involve children and young people, since children are mentioned in
several passages of her father's "I Have a Dream" speech.
There will be a "Let Freedom Ring" Commemoration & Call to
Action" on the National Mall in Washington, D.C. on August 28th. The
program begins with an interfaith service from 9:00 a.m. to 10:30 a.m.
at the Martin Luther King, Jr. Memorial on the Tidal Basin, followed
by the "Let Freedom Ring" Commemoration and Call to Action at the
nearby Lincoln Memorial from 1:00 p.m. to 5:30 p.m. that includes the
bell-ringing ceremony at 3:00 p.m.
Groups are already planning bell-ringing events in places as diverse
as Concord, New Hampshire; Allentown PA; Lutry, Switzerland; and
Tokyo, Japan. Governors of the 50 states have been asked to support
the bell-ringing, and many have already responded enthusiastically,
with more expected to join the effort. The King Center requests that all
groups planning programs submit a brief description of your 50th
anniversary 'Let Freedom Ring' bell-ringing event to website@thek-
"Let Freedom Ring" will conclude seven-days of events commemo-
rating the March on Washington and Dr. King's Dream speech. For the
millions who can't come to Washington, D.C. for the seven-day pro-
gram, the local 'Let Freedom Ring' programs will provide a unique
opportunity to get involved in a poignant nation-wide and global day
of unity in their respective home towns.
For more information about the 50th Anniversary of the I Have A
Dream speech, please contact The King Center (Atlanta, GA) at 404-
526-8944, or visit the website www.mlk-

August 1-7, 2013

Ms. Perry's Free Press Page 7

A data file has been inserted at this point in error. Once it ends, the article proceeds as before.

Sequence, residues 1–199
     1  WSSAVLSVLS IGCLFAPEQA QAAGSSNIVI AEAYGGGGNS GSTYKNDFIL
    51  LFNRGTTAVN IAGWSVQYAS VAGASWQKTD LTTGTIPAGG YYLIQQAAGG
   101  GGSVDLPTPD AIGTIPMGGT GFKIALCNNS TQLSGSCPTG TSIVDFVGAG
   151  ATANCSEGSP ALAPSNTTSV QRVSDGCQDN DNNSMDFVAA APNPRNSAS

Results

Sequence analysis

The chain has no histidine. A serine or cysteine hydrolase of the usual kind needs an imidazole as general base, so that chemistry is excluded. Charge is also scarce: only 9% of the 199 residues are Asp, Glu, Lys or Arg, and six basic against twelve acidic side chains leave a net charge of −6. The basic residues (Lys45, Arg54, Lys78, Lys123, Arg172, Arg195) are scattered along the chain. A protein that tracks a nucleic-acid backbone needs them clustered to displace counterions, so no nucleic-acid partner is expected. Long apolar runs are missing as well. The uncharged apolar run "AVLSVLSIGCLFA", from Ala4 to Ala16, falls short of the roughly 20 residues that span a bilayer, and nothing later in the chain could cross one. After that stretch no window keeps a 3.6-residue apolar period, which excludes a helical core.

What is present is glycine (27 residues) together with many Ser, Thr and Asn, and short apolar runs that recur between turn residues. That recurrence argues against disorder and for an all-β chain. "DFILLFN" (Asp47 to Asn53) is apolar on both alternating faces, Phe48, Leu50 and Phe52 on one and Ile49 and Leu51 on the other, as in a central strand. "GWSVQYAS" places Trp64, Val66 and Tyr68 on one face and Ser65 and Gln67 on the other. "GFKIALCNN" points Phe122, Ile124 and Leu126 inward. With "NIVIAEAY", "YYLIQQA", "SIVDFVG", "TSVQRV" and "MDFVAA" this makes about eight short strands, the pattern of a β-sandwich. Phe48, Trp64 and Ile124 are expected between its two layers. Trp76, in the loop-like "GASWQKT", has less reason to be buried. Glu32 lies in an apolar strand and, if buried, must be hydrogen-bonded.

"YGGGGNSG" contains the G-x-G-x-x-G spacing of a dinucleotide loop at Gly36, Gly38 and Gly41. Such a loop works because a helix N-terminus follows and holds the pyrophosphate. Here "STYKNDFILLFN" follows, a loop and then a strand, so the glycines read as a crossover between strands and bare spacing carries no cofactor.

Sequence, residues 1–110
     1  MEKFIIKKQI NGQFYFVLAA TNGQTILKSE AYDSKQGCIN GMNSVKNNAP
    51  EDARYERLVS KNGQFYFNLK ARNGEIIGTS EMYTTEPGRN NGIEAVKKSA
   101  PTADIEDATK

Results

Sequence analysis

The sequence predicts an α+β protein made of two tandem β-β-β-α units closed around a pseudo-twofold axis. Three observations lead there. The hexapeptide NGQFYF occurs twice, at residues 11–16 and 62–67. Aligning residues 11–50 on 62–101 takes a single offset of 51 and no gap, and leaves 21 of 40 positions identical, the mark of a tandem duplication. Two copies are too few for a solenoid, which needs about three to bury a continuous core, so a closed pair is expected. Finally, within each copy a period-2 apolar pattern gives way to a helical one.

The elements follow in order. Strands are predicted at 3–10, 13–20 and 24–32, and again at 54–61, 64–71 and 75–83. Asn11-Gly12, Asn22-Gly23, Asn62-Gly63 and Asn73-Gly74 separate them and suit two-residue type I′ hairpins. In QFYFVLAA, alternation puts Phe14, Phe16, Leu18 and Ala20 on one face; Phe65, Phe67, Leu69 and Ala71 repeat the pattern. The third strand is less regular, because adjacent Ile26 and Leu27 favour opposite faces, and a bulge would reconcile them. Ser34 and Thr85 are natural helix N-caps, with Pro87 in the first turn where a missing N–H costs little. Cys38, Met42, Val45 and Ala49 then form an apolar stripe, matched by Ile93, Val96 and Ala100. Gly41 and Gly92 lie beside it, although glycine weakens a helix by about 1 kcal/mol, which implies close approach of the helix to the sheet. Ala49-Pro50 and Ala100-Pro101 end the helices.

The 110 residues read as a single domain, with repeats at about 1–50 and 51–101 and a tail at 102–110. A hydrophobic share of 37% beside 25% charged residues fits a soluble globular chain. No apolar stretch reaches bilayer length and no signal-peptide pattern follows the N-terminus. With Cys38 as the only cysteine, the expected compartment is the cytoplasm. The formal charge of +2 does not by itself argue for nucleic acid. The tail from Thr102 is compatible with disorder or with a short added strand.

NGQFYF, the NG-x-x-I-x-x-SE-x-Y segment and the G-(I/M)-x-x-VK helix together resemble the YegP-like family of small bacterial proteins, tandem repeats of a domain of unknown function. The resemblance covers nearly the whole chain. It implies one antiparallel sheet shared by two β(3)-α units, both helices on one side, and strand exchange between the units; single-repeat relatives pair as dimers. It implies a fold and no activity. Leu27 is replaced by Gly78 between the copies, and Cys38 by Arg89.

What to do from social, volunteer, political and sports activities to self enrichment and the civic scene

Ritz Jamm Presents (MOSH). For more details visit
Jakiem Joyner

The Ritz welcomes jazz saxophon-
ist Jackiem Joyner. The renowned
chart-topping contemporary jazz
artist and producer will be perform-
ing Saturday, August 3rd for two
shows 7 and 10 pm. The Ritz is
located at 829 N. Davis St. For
more details call 632-5555 or visit

Jacksonville Giants
Hold Try-outs
It's your chance to become a part
of the A.B.A.'s top team in
Jacksonville. If you think you can
ball with the Jacksonville Giants
come to their free agent camp,
Saturday, August 3rd from 10
a.m. to 1 p.m. at the Harvest Dome
Gym, 12335 Atlantic Blvd. For
more information and application
call 355-6531.

Fish Fry at Durkeville
Durkeeville Historical Society is
having a Fish Fry, Saturday, August.
3rd at the DHS Center, 1293 W.
19th St. The fish fry takes place
from 12 p.m. to 3:30 p.m. For more
details visit www.durkeevillehistor- or call 598-9567.

Free Museums
This Weekend
Bank ofAmerica 's Museums on Us
is offering free admission August
3rd and 4th, (and the first full
weekend of each month in 2013) to
Bank of America and Merrill Lynch
cardholders at Museum of
Contemporary Art (MOCA) and the
Museum of Science and History

Prince Hall School
Supply Giveaway
The Jacksonville Area Prince Hall
Affiliated Masonic Family
announce their annual "Back to
School Bash" Saturday, August
3rd from 10 a.m. to 1 p.m. at 410
Broad St. Free haircuts, health
screenings, clowns, bouncy houses,
seminars and blood mobile will be
on the premises. For more details
call Chief 0. Martin at 613-2573.

Jax NAACP August
Membership Meeting
The Jacksonville Branch NAACP
will meet Thursday, August 8th, at
7 p.m. at 1725 Oakhurst Avenue.
Fore more information call 764-
7548 or visit

Jaguar Preseason
Attend the Jacksonville Jaguars vs.
Miami Dolphins Pre-Season Game
Friday, August 9th at EverBank
Field, 1 Everbank Field Drive. For
more information visit or call 633.6100.

Upcoming Back
to school events:
Free clothing, school supplies, stu-
dent parent empowerment dinner
and a clothing event Friday,
August 9th at Matthew Gilbert
Middle School, 1424 Franklin St at
5 p.m. For more details call 354-
5295. Next is the Back to School
Jam & Health Fair, Saturday,
August 10th, 10 1 p.m. Over
1,000 backpacks and school sup-